Angelo Di Pietro is an Italian engine designer who once worked for Mercedes Benz on their Wankel Rotary engine in 1969-1970, then migrated to Australia to pursue other interests, among them, as hobbyist / inventor of the Di Pietro Rotary Air Engine.
Rotary air motors aren't new, as any mechanic wielding pneumatic tools can tell you. The father of a high school friend of mine ran high pressure pneumatic hoses from their basement to several ports around his garage / workshop, so that he could conveniently plug in his tools without dragging a compressor around behind him. What's unique about Di Pietro's Rotary Air Engine is its ability to turn with a pressure differential of a mere 1 psi. This is accomplished by the use of sliding air gates or dams at six points around the rotor, which limit air flow, forcing the high pressure air to push the rotor, instead of rushing by it.
This very efficient, effective, non-reciprocating configuration allows the air engine to be very small and compact, yet very powerful. Any car guy worth his salt should recognize that this combination of high power and small size / weight translates into a great application for personal transportation. To that end, Di Pietro has adapted his air motor to carriers for produce markets, ATV load carriers, scooters and even boats (shown).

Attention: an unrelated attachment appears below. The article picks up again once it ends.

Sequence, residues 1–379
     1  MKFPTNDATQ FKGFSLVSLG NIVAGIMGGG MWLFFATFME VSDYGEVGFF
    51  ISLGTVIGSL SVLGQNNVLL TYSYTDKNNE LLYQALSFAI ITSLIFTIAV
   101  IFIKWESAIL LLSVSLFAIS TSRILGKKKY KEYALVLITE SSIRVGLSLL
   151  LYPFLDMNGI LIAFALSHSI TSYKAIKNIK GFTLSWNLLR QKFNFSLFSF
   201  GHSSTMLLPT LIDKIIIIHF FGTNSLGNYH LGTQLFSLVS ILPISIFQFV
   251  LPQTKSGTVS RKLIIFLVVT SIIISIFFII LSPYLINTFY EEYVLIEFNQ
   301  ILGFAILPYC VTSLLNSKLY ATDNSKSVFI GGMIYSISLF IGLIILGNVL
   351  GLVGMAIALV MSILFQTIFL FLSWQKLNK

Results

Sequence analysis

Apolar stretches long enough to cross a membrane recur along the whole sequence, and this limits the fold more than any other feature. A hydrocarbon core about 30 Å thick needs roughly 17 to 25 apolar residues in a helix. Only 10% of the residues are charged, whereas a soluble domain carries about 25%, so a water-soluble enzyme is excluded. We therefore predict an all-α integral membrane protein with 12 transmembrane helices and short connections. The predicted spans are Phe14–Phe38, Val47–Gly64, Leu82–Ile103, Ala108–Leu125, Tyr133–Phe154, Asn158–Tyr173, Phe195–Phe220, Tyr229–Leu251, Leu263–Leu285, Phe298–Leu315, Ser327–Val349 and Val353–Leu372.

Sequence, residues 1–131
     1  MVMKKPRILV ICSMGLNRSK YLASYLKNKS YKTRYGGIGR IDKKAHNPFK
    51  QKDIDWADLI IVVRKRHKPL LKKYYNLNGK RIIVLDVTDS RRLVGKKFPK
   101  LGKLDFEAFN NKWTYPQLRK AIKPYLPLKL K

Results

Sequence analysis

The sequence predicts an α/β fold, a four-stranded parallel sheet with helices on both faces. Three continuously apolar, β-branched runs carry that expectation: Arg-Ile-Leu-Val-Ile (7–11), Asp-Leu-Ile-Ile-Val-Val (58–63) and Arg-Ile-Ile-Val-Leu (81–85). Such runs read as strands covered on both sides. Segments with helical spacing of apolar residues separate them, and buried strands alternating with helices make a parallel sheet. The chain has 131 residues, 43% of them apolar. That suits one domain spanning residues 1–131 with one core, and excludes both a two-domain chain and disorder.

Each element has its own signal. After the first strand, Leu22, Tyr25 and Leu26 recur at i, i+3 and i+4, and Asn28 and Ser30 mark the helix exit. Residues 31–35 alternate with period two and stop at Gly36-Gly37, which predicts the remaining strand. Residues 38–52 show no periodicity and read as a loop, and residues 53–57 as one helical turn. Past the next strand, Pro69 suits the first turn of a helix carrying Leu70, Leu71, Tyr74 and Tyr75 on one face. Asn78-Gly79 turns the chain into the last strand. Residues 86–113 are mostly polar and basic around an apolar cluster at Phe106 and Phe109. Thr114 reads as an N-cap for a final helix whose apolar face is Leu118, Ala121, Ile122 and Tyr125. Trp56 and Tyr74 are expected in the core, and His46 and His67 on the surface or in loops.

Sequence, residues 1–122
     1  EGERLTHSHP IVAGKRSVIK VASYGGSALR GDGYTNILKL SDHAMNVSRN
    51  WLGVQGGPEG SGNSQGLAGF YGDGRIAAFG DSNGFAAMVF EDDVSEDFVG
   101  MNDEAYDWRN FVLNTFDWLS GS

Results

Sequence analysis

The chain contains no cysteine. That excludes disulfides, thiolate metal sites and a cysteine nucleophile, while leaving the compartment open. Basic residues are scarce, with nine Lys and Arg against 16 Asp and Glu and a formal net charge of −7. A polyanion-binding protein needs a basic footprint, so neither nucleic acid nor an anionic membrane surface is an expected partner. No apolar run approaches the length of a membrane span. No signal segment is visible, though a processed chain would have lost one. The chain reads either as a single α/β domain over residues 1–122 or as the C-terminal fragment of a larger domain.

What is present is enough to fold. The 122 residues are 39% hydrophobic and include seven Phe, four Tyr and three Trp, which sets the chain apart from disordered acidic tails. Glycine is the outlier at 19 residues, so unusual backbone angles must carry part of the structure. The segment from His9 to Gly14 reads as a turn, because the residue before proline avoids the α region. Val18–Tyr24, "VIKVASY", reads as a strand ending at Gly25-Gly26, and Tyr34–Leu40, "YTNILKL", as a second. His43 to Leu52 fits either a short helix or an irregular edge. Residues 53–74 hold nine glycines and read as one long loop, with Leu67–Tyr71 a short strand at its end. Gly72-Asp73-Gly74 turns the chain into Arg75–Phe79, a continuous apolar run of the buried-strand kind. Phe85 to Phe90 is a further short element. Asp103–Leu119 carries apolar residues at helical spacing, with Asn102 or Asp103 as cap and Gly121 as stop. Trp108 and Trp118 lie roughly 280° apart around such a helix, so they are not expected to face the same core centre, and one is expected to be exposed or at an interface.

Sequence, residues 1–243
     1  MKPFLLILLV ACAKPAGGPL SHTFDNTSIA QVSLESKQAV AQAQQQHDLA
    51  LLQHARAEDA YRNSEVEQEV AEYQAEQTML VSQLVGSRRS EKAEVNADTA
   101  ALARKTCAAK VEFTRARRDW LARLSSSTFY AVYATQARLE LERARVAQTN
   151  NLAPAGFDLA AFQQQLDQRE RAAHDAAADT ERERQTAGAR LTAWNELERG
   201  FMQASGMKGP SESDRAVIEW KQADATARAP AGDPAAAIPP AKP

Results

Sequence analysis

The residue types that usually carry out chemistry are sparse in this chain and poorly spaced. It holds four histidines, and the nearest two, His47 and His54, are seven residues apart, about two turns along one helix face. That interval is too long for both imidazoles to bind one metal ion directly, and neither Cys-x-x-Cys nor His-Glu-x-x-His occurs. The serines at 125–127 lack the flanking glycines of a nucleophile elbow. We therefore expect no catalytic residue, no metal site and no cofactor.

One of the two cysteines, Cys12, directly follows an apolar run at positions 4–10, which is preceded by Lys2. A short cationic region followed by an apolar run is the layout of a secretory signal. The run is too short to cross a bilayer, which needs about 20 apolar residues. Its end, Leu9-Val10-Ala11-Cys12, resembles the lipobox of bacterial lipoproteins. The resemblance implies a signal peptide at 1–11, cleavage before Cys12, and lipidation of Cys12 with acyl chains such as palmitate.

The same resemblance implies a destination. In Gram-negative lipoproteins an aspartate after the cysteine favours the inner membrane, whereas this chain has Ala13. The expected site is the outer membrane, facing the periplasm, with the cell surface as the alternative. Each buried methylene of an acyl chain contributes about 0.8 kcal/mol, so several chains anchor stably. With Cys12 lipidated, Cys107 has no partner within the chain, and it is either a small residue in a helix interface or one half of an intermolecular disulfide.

This rotary air engine would also work well as a range extender for fleet vehicles with local routes. A rotary air engine is a great match for a generator, as they both spin and work best at constant speeds. A fleet conversion company like AutoPort, Inc. could replace the internal combustion engine and fuel tank in a Chevy Volt with an appropriately sized Di Pietro Rotary Air Engine and a couple 700 bar air tanks from Quantum Technologies, and deliver a zero emissions vehicle that can be rapidly refilled at the company site.
While not as efficient as a large battery or fuel cell system, it is certainly far cheaper upfront, while still offering rapid refill capability. This could be a good interim solution for regions like California, which may resurrect their zero emissions mandate, until cheaper, longer lasting and faster recharging solutions emerge.
[Source: Engineair Research and Development]